The young Kossuth used to go to the Piarist school from this house, and his four sisters were born here as well. His youngest sister, Zsuzsanna Kossuth was a devoted supporter of the reforms and took an active part in the 1848-49 Hungarian Revolution.
She participated in organizing the ‘Védegylet’ (a union to protect Hungarian industry), and in 1849, her brother appointed her as the head nurse of field-hospitals. She traveled all over the country to supervise military hospitals, and appealed for women volunteers to help care for the wounded.
Following the capitulation at Világos, Zsuzsanna Kossuth was also imprisoned, but later she was pardoned from the charges. Nonetheless she then lived in difficult financial circumstances with her three children, under constant harassment by the authorities. Therefore she moved to Brussels, where she set up a lace workshop, and in 1853, she emigrated to the United States. However, one year later her lung disease worsened, and she died in New York at the age of 36. She is still considered as a role model for Hungarian nurses.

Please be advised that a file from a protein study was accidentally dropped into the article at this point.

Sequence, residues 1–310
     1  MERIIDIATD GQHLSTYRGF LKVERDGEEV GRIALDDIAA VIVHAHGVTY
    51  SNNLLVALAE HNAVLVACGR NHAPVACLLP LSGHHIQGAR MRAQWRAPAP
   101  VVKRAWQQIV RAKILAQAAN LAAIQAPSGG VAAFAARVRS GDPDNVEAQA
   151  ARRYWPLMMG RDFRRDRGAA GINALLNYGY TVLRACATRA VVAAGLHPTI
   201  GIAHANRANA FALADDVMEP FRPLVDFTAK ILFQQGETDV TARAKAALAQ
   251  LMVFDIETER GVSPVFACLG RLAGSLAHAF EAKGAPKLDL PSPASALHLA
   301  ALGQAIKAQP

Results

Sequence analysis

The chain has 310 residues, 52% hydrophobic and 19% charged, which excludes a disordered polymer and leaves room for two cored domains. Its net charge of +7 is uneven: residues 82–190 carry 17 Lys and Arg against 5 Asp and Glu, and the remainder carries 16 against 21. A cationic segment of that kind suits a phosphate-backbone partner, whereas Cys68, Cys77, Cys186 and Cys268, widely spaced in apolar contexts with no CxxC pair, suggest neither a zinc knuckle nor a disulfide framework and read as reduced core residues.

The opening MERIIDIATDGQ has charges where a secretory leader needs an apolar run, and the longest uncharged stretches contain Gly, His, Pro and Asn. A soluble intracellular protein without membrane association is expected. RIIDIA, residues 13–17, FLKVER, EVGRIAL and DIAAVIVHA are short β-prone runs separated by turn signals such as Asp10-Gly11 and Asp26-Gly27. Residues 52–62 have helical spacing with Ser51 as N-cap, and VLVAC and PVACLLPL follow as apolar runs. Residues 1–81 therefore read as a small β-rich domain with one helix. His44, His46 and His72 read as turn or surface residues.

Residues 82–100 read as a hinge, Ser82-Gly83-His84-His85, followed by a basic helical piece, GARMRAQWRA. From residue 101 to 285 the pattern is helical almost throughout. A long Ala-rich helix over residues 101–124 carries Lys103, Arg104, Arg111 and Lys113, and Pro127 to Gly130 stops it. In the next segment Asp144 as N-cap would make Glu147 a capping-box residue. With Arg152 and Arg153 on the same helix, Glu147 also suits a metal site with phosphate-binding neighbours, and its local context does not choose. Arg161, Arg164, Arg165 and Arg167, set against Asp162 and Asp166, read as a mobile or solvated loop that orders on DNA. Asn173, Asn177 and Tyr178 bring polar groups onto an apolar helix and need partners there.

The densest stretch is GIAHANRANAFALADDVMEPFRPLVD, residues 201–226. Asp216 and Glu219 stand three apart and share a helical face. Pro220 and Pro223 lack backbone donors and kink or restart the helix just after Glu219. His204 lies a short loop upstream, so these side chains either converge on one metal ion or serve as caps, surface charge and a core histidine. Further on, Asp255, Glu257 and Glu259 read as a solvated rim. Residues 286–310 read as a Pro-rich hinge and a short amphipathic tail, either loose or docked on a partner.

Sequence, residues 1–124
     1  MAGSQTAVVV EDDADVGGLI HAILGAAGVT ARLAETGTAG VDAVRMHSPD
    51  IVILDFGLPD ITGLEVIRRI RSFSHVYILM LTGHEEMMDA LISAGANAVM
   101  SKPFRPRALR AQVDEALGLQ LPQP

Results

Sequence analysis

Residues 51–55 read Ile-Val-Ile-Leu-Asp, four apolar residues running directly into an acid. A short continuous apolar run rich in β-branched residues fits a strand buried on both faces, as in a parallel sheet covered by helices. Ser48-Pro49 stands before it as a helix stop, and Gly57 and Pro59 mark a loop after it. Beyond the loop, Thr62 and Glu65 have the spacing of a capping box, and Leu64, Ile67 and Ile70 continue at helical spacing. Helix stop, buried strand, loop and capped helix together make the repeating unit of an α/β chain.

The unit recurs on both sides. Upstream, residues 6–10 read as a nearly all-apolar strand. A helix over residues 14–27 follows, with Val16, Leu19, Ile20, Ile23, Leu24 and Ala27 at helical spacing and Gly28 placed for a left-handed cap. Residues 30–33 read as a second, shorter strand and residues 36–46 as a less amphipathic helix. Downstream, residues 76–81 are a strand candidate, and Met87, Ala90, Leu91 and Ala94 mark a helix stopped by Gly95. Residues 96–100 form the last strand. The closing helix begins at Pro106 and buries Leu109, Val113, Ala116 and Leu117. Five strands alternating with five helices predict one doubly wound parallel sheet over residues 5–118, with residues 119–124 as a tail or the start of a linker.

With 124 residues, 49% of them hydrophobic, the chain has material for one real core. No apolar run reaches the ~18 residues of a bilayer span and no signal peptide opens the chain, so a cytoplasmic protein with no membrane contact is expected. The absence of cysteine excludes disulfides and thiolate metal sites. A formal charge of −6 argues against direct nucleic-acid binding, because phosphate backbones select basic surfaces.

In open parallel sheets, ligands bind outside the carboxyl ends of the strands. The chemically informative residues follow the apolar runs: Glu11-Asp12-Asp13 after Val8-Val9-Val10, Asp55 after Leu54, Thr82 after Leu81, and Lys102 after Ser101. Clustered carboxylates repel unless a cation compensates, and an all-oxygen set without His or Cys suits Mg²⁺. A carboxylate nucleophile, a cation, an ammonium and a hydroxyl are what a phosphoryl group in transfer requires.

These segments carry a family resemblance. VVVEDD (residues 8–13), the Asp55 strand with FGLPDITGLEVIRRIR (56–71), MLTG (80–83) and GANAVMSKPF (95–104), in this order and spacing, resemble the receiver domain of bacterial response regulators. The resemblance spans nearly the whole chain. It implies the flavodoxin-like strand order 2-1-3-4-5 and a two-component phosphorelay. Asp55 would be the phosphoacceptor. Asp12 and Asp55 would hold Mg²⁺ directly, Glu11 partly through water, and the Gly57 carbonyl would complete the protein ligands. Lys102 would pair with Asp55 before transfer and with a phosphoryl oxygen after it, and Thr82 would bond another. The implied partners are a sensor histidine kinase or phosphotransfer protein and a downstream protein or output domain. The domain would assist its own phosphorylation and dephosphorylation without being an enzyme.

Address: 17 Móricz Zsigmond utca